close
NFL News

Week 11 Pawns and Black Swans

By Jeffrey Beall (Own work) [CC BY-SA 3.0 (http://creativecommons.org/licenses/by-sa/3.0)], via Wikimedia Commons

In this weekly segment on FY, Ty will identify the pawns and black swans from the previous week’s action. (Here’s Week 10, if you missed it.) “What are pawns and a black swans?” you ask.

A pawn is a piece in chess that is often sacrificed to set up a bigger move. In this segment, it’s not the player who scored the touchdown, but the one who made the key block to spring the play, or the receiver who ran a brilliant route to pull coverage away from his teammates. 

Literally speaking, a black swan is a bird that is colored mostly black; metaphorically speaking, it’s an unforeseen event with extreme consequences. In this segment, it’s a player whose unexpected blunder(s) cost his team.


Week 11 Pawns

Ezekiel Elliott, Dak Prescott, and the Cowboys offensive line are all really good, but you already know that. You may not be aware of the performances these players put in this past week, though.

Andre Roberts, Wide Receiver, Lions

By Keith Allison (flickr)
By Keith Allison (flickr)

Yes, Roberts returned a punt 55 yards for a touchdown, and also added in a 44-yard reception, but neither are the reason he’s getting some FY love.

Instead, I want to look back on the play of the game, which he played a major role in as well. The Lions trailed 19-16 with 11:23 left in the fourth quarter, and faced a third-and-14 from their own 31-yard line. The Jaguars dropped seven into coverage, but three of them got caught playing the same man. I’m sure you can guess who that was.

Roberts was lined up wide to the left with tight end Eric Ebron inside of him. Roberts was given an inside release and worked towards Ebron’s defender before shooting up the seam. The defender responsible for Roberts got tangled up with Ebron, which resulted in both safeties jumping to Roberts. As Ebron recovered from getting his feet tangled, he found himself wide open down the left sideline, and Matthew Stafford recognized the blown coverage.

The play resulted in a 61-yard gain and set up the Lions’ go-ahead touchdown. Had Roberts not run his seam route to perfection, this play would not have happened, and the Lions may not hold the NFC North lead.

Dirk Koetter, Head Coach, Buccaneers

In what was the upset of the week, the Bucs completely overplayed the red-hot Chiefs at Arrowhead. There are a lot of people I could give credit to here, but the most deserving is Dirk Koetter, and it comes down to one play-call.

With the Bucs clinging to a 19-17 lead with 2:11 left in the fourth quarter, they faced a third-and-ten from their own 30-yard line. It would have been so easy for Koetter to call for a Doug Martin plunge up the middle and put his faith in his defense. However, the first-year coach showed trust in his quarterback and decided to put the ball in the air.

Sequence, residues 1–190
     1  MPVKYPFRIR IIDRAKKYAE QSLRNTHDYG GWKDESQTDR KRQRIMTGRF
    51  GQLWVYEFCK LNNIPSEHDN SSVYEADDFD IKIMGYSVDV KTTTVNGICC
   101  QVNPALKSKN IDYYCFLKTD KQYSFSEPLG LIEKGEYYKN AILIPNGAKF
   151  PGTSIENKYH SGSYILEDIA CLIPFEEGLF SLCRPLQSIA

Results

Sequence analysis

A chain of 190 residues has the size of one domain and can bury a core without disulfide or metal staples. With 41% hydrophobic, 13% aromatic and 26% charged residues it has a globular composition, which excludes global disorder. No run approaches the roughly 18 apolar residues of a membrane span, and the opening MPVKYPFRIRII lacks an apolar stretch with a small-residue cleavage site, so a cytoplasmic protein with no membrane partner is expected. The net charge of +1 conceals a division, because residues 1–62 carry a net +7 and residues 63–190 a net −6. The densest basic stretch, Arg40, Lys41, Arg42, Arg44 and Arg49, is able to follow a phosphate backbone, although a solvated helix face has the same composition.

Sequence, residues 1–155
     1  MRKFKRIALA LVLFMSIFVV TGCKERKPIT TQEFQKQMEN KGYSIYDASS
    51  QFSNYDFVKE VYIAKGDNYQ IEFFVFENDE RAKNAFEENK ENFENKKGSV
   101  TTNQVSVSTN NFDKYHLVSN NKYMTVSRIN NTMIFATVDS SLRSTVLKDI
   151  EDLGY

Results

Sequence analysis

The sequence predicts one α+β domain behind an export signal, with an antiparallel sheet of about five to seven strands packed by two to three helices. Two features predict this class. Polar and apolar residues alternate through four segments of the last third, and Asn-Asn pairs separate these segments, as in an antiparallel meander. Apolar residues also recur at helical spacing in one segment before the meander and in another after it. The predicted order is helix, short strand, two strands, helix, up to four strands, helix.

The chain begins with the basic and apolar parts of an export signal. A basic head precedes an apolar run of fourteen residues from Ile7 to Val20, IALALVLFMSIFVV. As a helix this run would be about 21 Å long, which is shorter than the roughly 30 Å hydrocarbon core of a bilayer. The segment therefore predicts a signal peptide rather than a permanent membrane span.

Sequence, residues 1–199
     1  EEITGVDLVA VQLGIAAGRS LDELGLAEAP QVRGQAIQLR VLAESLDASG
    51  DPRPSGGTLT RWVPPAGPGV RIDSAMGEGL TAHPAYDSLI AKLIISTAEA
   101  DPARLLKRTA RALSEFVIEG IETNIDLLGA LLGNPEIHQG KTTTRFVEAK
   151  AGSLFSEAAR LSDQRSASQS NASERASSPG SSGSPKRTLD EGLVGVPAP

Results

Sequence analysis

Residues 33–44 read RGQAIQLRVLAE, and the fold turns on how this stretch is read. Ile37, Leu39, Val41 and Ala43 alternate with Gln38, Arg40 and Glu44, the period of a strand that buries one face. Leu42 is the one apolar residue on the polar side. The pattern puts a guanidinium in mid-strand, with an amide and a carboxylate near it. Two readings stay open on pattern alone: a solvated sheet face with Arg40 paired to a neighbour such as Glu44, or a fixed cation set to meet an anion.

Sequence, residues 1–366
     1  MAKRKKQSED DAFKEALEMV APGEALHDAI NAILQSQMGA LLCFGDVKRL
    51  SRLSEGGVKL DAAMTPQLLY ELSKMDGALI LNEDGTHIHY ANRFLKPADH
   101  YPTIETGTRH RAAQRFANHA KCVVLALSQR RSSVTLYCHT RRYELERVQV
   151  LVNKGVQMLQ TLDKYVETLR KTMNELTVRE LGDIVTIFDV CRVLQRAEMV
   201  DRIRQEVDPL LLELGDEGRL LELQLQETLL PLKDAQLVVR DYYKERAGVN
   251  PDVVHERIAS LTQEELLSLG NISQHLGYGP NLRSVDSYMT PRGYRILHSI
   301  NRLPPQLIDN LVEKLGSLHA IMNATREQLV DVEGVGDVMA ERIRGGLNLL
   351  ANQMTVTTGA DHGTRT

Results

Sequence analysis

Expecting that Kansas City would be selling-out to stop the run, Koetter knew he would get some one-on-one opportunities. Jameis Winston recognized Mike Evans had man-coverage and made it clear where he was going with the ball right away. Evans ran a beautiful comeback route and hauled in the 14-yard pass to move the chains. The first down forced the Chiefs to burn their last timeout before Tampa punted with just 22 seconds on the clock.

The Bucs have Dirk Koetter and his aggressive play-call to thank for the game-sealing drive. I guess Winston and Evans deserve a bit of credit for the execution as well.

The Good Kickers

As you have probably heard, it was a rough week for kickers. Adam Vinatieri’s streak of 44 consecutive field goals was snapped, and a new NFL record was set for missed extra-points. (More on that later.)

However, they weren’t all bad in Week 11. Here is a list of the kickers who converted every extra-point and field goal they attempted:

By Jeffrey Beall (flickr)
By Jeffrey Beall (flickr)
  • Phil Dawson, 49ers
  • Dan Carpenter, Bills
  • Roberto Aguayo, Bucs
  • Chandler Catanzaro, Cardinals (he’s not totally safe, though)
  • Cairo Santos, Chiefs
  • Dan Bailey, Cowboys
  • Andrew Franks, Dolphins
  • Caleb Sturgis, Eagles
  • Graham Gano, Panthers
  • Sebastian Janikowski, Raiders
  • Justin Tucker, Ravens
  • Chris Boswell, Steelers
  • Nick Novak, Texans
  • Ryan Succop, Titans

Way to do your job, fellas.

Week 11 Black Swans

I would love to pick on the individual who decided to direct a laser pointer in Brock Osweiler’s face as he was attempting a pass. (Why go through any trouble to distract Osweiler? He’ll blow it on his own.) But that’s being talked about everywhere else, unlike these guys…

The Packers Secondary

I’m not one for hyperbole, so I’m going to give it to you straight. This was one of the worst performances I have ever seen by a secondary. Let’s Tarantino this one; Kirk Cousins was 21/30 for 375 yards, and three touchdowns, which includes going 4/4 for 195 yards and two touchdowns on passes longer than 20 yards. He was rarely forced to make a difficult pass.

Just like Cousins, though, I’m not stopping there, I want to embarrass these guys a little more.

By Kyle Engman (Flickr)
By Kyle Engman (Flickr)

On Washington’s first touchdown of the game, Cousins found DeSean Jackson wide open in the middle of the field for a 17-yard score. Why was he so open, you ask? Well, first of all, D-Jax absolutely roasts Micah Hyde out of the slot with a move to the corner before cutting back into the post. Hyde flips his hips to the corner with the fake, but instead of executing a “speed turn,” he tries to open his hips up to flip back to the post. This gave Jackson a ton of separation from his man. Safety Ha Ha Clinton-Dix was nowhere to be found; he fell victim to Cousins’ looking to the other side of the field after the snap. Quite simply, this play was way too easy.